The action of planing should look, and feel, more like championship ballroom dancing than punching a wall.

Note in photo 8 above how I’m leaning into the work, knees bent, but not crouching, back straight and arm locked to side of body. At the start of the stroke lean firm pressure onto the knob at the front of the plane. The hand holding the tote is supporting the back of the plane to keep it level.

When the full length of the plane is on the workpiece you have shifted your weight, the downward pressure of your arms, to the centre of the plane. As the plane leaves the workpiece you smoothly shift your weight to behind the blade so the plane stays horizontal. Letting it tilt down will steadily take a bit too much off the end.

Each pass with a plane should be as deliberate and focused throughout as a good golf shot or roll of a bowl is. Don’t drag the plane back along the wood. It only makes for unnecessary wear on the edge, and from an angle that increases the damage. Ever so slightly lifting the plane on the return stroke pays off in longer lasting edges.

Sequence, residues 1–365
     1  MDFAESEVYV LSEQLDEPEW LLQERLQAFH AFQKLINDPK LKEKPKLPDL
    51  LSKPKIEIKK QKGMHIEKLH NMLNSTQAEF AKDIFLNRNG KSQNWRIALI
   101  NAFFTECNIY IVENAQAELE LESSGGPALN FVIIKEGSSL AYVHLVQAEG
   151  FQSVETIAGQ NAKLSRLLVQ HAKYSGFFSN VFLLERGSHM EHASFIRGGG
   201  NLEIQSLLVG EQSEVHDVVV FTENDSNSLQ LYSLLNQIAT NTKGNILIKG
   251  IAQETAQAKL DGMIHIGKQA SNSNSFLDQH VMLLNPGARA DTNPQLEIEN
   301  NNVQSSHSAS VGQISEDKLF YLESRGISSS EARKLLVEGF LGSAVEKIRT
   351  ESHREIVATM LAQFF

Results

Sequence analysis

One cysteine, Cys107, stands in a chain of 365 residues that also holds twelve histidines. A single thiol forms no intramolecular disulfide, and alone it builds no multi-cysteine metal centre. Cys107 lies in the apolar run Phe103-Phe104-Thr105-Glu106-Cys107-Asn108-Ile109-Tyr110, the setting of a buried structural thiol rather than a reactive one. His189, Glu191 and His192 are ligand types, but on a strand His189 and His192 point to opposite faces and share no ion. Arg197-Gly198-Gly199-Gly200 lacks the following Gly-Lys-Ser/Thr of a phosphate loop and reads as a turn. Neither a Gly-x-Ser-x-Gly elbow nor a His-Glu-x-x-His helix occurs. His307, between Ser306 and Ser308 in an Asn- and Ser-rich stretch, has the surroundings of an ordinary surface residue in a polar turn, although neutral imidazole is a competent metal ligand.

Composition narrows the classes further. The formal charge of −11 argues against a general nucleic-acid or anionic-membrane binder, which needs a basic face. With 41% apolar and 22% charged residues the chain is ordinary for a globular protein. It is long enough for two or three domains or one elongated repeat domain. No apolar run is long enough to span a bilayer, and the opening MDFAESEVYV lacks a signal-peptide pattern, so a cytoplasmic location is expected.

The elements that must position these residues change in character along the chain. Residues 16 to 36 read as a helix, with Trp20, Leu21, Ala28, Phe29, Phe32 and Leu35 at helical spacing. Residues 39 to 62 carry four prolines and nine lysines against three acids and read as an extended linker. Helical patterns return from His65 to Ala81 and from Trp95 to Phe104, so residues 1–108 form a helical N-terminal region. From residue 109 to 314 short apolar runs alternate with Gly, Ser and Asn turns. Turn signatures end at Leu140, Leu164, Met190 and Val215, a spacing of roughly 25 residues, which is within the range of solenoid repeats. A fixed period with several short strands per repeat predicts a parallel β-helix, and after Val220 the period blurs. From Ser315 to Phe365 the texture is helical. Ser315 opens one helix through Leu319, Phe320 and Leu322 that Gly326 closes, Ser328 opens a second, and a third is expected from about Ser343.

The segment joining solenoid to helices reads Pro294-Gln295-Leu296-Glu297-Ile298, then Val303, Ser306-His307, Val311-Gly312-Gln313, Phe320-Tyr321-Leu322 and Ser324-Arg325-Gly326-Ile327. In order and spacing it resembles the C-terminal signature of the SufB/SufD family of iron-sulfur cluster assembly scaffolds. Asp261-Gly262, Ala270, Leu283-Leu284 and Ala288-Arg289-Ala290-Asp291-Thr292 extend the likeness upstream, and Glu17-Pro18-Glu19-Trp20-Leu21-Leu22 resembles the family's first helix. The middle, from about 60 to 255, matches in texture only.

When holding the plane it is so easy for a finger of the hand holding the tote to rest along the edge of the blade and chipbreaker. The risk is that you’ll put enough pressure there to shift it off centre. The innovation by Veritas of having screws in their plane sides to secure the blade once set is a really good one. But for other makes you simply have to watch where you put your fingers.

More gain less pain

If you are one of the many who tend to use your arm rather than your whole body you’ll probably find find it a bit weird as you learn to practise a different method. But you’ll be glad you persevered because it feels so much better, and is more effective as well.

Over the years I have encountered many woodworkers who regard using a plane as a job which is a long way short of bliss. But I’ve also seen students progress from lip trembling frustration to real contentment just because of a little guidance in doing it right, so I hope that this brief outline on using this essential tool will help others to a better handplane experience.

Richard Vaughan is a furniture designer/maker in Brisbane who also runs woodwork classes. See